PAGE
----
- The Washington Times - Tuesday, December 6, 2016

More than a dozen gun rights advocates held an open carry walk Monday at Ohio State University in response to last week’s knife attack by an Islamic extremist.

Organizer Jeffry Smith, a firearms instructor from Cincinnati, named the walk “No More Sitting Ducks” because of the group’s opposition to gun free zones.

“The purpose of these walks, in general, is to advocate for conceal and carry … legal conceal carrying in Ohio,” he told The Lantern, OSU’s official student newspaper. “Secondarily, to engage in dialogue with people about firearms rights and privileges.”

The group met at the Ohio Union on N. High Street at about 11 a.m. Monday and walked quietly across campus — guns in full view. The university’s gun policy only prohibits students from open carrying on campus, but none of Monday’s protesters were reportedly students. OSU said it was contacted in advance about the walk.

“The organizers proactively notified the university of their intent to conduct this educational walk involving the legal possession of weapons, which will occur on and around campus,” said Dan Hedman, spokesman OSU’s Office of Administration and Planning, The Lantern reported. “The Ohio State University Police Division will have a visible presence during the event to promote safety and to protect the rights of all members of the university community.”

Mr. Smith, walking with a Tavor rifle and two Glock handguns, has organized seven walks on university campuses over the past two years, The Columbus Dispatch reported.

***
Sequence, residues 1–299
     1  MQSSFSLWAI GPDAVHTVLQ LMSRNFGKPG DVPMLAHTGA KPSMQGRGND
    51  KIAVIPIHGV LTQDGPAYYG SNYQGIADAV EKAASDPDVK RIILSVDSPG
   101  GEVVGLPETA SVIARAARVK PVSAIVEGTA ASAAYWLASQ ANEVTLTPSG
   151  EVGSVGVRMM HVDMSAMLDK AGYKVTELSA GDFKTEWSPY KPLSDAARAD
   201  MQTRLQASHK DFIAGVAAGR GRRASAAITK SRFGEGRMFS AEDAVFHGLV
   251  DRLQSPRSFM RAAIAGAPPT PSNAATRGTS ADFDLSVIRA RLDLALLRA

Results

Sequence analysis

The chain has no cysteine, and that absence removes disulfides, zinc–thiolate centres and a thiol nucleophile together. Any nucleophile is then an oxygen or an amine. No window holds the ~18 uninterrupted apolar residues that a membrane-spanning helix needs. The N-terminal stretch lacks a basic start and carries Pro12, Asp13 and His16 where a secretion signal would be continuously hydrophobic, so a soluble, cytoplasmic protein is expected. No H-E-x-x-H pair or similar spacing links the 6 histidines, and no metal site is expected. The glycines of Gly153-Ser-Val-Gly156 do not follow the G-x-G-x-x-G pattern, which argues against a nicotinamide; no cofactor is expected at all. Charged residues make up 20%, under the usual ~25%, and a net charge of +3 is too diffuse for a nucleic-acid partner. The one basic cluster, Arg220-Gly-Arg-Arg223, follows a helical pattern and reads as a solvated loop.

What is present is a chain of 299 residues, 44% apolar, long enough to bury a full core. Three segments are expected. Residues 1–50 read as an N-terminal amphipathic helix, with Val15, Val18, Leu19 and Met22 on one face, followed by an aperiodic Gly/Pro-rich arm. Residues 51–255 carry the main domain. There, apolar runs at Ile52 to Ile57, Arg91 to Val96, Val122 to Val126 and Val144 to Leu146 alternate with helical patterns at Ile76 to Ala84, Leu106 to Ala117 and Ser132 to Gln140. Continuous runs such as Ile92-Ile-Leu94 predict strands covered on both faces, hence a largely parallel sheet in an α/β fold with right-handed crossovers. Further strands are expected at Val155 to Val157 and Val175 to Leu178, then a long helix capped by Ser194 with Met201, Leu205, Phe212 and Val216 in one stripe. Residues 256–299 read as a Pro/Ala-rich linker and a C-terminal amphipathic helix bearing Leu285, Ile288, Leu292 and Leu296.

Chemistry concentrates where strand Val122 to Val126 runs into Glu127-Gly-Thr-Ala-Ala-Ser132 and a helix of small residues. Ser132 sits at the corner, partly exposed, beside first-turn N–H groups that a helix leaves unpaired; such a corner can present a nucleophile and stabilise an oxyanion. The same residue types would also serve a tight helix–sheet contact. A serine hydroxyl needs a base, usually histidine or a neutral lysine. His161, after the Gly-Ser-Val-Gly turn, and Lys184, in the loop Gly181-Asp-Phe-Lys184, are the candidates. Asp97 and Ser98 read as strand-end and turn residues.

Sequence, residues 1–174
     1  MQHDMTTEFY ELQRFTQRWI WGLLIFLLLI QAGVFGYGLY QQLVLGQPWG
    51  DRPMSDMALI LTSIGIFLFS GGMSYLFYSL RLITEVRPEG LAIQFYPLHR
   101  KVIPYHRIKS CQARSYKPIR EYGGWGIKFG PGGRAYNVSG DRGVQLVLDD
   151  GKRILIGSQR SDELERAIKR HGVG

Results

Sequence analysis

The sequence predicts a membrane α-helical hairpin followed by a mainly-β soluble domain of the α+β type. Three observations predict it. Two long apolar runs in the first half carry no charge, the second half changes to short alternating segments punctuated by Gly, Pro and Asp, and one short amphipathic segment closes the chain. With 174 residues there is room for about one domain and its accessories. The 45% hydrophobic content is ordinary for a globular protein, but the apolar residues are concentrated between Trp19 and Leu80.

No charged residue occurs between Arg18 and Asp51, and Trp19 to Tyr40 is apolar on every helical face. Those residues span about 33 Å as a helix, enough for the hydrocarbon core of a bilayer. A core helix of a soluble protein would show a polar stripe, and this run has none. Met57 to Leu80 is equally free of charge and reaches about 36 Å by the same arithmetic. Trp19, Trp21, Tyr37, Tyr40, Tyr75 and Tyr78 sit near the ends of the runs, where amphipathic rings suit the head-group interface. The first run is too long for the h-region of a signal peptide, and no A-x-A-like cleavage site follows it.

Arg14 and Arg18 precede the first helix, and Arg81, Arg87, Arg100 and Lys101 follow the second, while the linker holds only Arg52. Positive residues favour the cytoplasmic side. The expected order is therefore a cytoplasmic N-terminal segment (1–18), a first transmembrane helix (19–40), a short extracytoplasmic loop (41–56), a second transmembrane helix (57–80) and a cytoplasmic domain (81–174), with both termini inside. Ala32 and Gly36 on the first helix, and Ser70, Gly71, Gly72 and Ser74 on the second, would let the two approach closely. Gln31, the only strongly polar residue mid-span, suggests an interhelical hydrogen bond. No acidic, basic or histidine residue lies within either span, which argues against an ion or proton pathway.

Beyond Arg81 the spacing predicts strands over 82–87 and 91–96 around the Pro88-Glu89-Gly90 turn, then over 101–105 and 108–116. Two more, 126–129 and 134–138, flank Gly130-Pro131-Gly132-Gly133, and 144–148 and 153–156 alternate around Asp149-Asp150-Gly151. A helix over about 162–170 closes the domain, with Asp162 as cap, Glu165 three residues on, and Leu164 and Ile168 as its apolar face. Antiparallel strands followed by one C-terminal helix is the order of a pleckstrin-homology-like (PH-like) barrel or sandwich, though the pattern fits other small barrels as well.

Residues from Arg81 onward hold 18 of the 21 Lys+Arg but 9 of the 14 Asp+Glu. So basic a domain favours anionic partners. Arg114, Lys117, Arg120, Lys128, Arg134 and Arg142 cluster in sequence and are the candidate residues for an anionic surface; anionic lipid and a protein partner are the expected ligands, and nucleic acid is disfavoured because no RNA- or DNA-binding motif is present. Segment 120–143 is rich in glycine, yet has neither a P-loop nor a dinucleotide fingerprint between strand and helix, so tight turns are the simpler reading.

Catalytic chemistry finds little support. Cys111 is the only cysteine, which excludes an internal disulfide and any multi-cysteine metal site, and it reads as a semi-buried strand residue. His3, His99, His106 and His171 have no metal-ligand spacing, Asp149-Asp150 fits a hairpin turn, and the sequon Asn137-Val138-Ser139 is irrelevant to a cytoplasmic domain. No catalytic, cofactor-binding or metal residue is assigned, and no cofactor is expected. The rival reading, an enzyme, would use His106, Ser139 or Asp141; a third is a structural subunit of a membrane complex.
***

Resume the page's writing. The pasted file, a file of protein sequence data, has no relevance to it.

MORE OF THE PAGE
This walk was organized specifically in response to the Nov. 28 car ramming and mass stabbing by Abdul Razak Ali Artan, a Somali refugee whom authorities said was inspired by Islamic State terrorist propaganda. Eleven people were injured in the attack, and Artan was fatally shot by OSU Police Officer Alan Horujko before he could hurt others.

“The reason I did this one today was specifically in response to last week’s attack, to say, ‘Hey guys, you students here are sitting ducks for a person with evil intent’,” Mr. Smith told The Columbus Dispatch. “Thank God there was a police officer right there with a gun to stop that guy, but had there not been…”

He said the point of Monday’s demonstration was to engage people in conversation and educate others on the importance of gun ownership.

The display caught the attention of Eastmoor Academy teacher Amanda Clark’s class, which was there on a campus visit.

“They were scared at first,” Ms. Clark told a local NBC News affiliate. “They’re, like, moving over to the side because they had — first of all, I’m sure none of my students have never seen a gun in real life. … I always tell my students to ask questions first to find out what’s going on.”

An OSU professor also confronted the group, saying more guns would make the campus less safe.

“You do not need to parade your guns,” professor Richard Fletcher told the demonstrators, NBC reported. “I defend your rights to have your firearm, but not on this campus.”

The demonstrators said they support pending legislation to allow people with licenses to carry concealed handguns on Ohio college campuses, which would also give universities the option to approve or reject the measure. OSU President Michael Drake said he is still opposed to such legislation despite the recent knife attack.


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